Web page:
Once upon a summer’s past, my life consisted of virtuous campfire songs, reprehensible nights off, and an unexpected yeast infection while working as a camp counselor in northern Minnesota.
Since having a day off was a rare occurrence, the counselors made the most of it by going from 0 to 100 as soon as we left the staff parking lot. We had a lot of steam to let off. Every party we had was as intense as a bachelor party. Every shot we took was gulped a little faster. We realized our time to be reckless was limited, so we had no room for letting anything get in the way of us indulging in an untamable night out.
That’s exactly why I was not in favor of Jack tagging along with us on our last night off of the summer.
“Who invited him to roll with us?” I demanded to know.
“I felt bad,” answered Collier. “Nobody else invited him to do anything.”
Jack was a socially awkward camp counselor with an even more awkward look to him. The type of look that suggests he might have to notify his neighbors when he moves into the neighborhood one day.
Since none of the counselors were willing to put their debit card on file to rent another cabin because someone defecated on the kitchen floor at the last cabin party, resulting in an outrageous cleaning fee, everyone decided to spend the night at Zorbaz, a lakefront bar close to camp.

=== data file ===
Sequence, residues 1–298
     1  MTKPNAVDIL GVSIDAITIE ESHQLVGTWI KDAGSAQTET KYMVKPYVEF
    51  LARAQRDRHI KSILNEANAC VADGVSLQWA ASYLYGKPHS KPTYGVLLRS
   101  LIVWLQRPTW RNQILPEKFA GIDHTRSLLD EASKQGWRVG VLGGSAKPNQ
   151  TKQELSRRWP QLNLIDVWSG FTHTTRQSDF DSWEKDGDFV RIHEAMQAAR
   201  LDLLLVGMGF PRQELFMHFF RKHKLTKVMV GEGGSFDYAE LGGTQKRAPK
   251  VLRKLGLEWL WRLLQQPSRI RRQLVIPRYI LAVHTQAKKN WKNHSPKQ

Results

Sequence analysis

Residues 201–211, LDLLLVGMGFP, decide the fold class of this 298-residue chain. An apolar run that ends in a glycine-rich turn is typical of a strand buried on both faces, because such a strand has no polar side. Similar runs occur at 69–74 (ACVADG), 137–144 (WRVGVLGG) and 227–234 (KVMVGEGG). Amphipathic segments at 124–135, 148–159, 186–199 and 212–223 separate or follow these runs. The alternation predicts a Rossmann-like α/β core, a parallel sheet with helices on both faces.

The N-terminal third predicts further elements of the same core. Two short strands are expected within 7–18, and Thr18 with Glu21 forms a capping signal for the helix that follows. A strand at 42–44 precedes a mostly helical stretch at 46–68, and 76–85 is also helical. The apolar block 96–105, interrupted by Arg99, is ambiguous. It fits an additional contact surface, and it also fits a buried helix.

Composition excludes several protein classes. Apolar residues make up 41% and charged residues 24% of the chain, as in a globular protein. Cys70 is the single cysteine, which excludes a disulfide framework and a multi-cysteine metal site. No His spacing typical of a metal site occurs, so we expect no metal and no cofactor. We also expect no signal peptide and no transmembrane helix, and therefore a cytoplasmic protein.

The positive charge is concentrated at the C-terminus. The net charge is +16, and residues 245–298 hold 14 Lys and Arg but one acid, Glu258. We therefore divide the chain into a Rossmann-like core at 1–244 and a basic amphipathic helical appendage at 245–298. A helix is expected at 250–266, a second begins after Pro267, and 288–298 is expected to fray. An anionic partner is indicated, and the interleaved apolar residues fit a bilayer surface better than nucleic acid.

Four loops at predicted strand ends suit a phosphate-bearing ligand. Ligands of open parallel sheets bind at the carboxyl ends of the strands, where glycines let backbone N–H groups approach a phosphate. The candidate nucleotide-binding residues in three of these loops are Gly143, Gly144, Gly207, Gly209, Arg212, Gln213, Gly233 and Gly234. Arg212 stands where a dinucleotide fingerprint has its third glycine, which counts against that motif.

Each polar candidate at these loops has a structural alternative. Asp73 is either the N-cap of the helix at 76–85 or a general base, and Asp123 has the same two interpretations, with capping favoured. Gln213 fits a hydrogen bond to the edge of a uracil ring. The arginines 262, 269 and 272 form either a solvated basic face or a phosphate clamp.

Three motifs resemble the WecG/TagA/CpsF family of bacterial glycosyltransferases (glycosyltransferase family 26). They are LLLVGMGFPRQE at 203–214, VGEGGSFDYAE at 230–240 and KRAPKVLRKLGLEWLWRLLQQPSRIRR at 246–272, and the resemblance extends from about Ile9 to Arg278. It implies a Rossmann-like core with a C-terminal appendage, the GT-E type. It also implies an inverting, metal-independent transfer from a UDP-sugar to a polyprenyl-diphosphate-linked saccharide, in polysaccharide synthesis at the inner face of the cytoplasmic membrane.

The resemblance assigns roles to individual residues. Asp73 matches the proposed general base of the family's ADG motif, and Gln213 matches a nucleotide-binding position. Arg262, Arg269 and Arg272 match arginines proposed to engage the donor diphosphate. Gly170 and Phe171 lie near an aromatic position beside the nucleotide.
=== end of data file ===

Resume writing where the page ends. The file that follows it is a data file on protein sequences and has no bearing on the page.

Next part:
“There’s so many girls here tonight,” noticed Max.
“They’ll think we’re strange for hanging out with Jack,” I worried.
“I felt bad,” cried Collier.
A few drinks later, we found ourselves outside talking to a few girls. Then Jack came over. As he sat down, I started crying a little on the inside, hoping he wouldn’t scare the girls away.
He was being so weird that the girls started looking at each other with that face you make when you’re hoping your friend will say something to exit the conversation. Luckily, Jack, a lightweight drinker, had to excuse himself to the bathroom to break the seal before they walked off.
“You’ll have to excuse our friend,” I announced in damage control mode. “He’s autistic, and we wanted to take him out with us drinking to meet girls because he’s a virgin.”
“Aww,” they replied.
“I can’t believe you told those girls Jack is autistic,” said Collier as we were at the bar getting a round of shots for the girls.
“They think it’s sweet,” I replied. “They think he’s like the girl in that movie ‘The Other Sister’ about the mentally challenged girl who proves herself to be just as capable as her perfect sister by getting her own apartment.”
We found Jack and told him it would be a good idea to pretend to be autistic, convincing him that it could help him get laid. A little hesitant, but eager to be part of the group, he decided to go along with it.
“You can carry the shots,” I offered Jack.
“Aww, your friend bought us shots!” screamed the girls.
“Guess what? Can you believe I’m autistic?” blurted Jack.
After an awkward pause, the girls put their shots down and walked away. I should have known Jack couldn’t even pretend to be autistic without making it so awkward that people would walk away.
I learned my lesson to just let people be who they are the day I tried convincing someone to pretend to be autistic to make up for their social ineptitude. Sorry, Mom and Dad.